Thursday, January 17, 2019

#parentingtruth No.2 - Your traveling partner

parenting truth, marriage, your traveling partner

Today’s #parentingtruth is about partnership. I want to spend some time focusing on your traveling partner for the journey: your spouse. It is all too easy to get wrapped up in the day to day issues of life and forget that this is supposed to be a partnership. God did not design us to raise children alone, although I know a lot of you are currently in that situation. So let’s start there: how do you raise children when you are a single parent? Hopefully, you can find family and friends who work as your support group. While you won’t have the same relationship with them that you would with a spouse, they can be your traveling partners and make your childrens’ lives much richer, and yours a whole lot easier. Don’t do this alone!

The first part of this #parentingtruth I’ve learned is that your traveling partner is just as (or more) important than your destination. In this case, taking care of the relationship you have with your spouse is actually more important than where and when your children are grown and ready to move out. Why? Because you said “I do” to a lifetime, not just a season. Although it seems like you’ll be raising your kids for-ev-er, it really isn’t as long as you think.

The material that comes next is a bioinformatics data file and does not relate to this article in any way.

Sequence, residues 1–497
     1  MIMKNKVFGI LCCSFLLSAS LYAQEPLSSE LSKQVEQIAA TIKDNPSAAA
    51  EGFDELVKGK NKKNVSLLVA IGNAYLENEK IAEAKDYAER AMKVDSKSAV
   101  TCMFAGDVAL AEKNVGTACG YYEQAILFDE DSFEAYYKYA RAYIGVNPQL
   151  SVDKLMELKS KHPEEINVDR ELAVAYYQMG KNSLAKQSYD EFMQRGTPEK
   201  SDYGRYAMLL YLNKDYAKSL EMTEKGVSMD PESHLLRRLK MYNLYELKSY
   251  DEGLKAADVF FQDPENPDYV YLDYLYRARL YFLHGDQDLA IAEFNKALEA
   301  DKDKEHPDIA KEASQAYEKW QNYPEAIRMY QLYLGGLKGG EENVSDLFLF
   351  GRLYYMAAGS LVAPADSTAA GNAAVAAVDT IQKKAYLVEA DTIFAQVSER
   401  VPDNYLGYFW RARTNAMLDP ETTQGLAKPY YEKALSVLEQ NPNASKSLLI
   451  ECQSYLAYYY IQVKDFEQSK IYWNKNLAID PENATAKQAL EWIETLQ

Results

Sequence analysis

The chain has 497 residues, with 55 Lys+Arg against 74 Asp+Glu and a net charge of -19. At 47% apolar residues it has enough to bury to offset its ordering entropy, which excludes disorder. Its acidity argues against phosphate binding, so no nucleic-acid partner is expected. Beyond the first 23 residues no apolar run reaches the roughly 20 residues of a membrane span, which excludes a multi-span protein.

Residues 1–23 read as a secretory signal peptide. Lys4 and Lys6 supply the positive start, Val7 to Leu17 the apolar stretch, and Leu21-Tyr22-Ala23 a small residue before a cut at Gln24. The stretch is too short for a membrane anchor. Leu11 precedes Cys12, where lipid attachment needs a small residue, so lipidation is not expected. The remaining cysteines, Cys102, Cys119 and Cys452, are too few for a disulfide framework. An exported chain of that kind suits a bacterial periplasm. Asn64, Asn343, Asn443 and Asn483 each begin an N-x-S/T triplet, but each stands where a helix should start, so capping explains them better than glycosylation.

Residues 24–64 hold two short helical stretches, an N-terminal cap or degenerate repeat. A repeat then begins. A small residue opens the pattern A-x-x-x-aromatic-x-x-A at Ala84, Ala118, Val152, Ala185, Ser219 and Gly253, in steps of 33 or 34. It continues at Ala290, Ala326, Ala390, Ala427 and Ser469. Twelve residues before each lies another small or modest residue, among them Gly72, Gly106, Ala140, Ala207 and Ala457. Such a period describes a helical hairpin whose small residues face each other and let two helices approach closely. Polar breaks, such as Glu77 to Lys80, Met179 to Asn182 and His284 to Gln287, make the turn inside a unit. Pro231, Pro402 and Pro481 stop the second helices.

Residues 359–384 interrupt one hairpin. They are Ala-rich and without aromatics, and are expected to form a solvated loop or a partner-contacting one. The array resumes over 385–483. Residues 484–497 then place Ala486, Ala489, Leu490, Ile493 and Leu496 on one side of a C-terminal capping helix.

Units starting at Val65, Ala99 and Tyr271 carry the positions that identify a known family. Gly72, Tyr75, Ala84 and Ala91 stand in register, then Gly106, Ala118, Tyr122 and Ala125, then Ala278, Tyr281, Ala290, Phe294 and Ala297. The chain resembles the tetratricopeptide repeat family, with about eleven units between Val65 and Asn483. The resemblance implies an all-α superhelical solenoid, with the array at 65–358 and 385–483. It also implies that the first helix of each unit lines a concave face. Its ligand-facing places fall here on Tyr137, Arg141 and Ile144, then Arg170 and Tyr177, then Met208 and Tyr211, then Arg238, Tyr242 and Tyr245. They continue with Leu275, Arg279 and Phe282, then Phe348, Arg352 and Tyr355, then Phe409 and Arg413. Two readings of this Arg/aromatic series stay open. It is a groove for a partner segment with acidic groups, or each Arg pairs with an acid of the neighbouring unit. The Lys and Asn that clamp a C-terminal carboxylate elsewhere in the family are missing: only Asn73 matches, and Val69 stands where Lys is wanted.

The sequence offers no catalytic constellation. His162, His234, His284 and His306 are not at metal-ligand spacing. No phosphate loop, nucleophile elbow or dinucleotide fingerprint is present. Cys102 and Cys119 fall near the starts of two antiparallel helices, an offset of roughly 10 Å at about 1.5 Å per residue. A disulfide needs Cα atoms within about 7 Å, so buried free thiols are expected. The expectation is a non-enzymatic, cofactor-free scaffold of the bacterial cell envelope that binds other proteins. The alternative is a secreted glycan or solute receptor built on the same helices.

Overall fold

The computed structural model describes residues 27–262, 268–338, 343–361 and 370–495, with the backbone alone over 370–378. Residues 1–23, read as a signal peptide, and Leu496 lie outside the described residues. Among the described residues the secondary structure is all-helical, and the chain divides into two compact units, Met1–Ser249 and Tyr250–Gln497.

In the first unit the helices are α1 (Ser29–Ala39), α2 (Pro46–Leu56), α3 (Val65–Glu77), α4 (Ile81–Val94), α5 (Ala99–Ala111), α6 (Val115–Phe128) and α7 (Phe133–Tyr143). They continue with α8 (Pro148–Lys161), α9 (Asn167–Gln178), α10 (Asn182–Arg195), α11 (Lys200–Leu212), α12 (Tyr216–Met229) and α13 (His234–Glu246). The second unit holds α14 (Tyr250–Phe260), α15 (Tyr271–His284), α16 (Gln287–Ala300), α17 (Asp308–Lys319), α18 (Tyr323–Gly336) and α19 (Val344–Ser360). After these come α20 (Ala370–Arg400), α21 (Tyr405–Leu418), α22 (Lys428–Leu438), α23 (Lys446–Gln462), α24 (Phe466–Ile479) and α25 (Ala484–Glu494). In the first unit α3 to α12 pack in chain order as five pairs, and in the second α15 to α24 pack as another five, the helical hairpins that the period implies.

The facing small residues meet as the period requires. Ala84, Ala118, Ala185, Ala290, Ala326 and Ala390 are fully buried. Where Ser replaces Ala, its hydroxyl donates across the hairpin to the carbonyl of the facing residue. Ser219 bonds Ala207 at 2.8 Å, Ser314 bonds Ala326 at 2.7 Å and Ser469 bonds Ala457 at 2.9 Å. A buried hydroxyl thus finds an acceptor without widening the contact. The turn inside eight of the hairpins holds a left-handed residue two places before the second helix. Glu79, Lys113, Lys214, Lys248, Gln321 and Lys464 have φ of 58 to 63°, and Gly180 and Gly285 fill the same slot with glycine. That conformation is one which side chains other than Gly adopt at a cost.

It is important to choose wisely how you spend those precious alone times you have together with your spouse. And just a word of warning - you will have to fight to keep them alone times. Feel free to put a child-proof lock on your bedroom door. It is worth the effort it takes to go on a date with your spouse. But, you need to make sure it is a date, and not just a gripe session. There will be years when you’re thankful for two hours away just to talk and walk through a park. Other years you may get to take an anniversary trip, or at least have a night away from home when no one calls you for anything. Wives, there will be days when you will have to dig deep and remember why you married him in order to summon up the strength to stay up late and enjoy married life. Husbands, there will be days when she absolutely cannot stay awake to enjoy married bliss. So if today is that day, remember why you married her, and then pull the blanket up over her and just let your lady sleep.

The second part of this #parentingtruth about partnership is learning to walk together. There will be times when one of you wants to run ahead, and the other lags behind. There will be days when you walk beside each other well, being that iron that sharpens iron, and other times when you will have to do a lot of self-sacrificing to not speak what is on your mind, especially if it is unpleasant. That is part of adulthood, learning how to lead, how to follow, and how to walk beside someone. It is a big part of marriage because each of us has strengths and weaknesses. Our traveling partner should be encouraging both when we succeed, and when we struggle.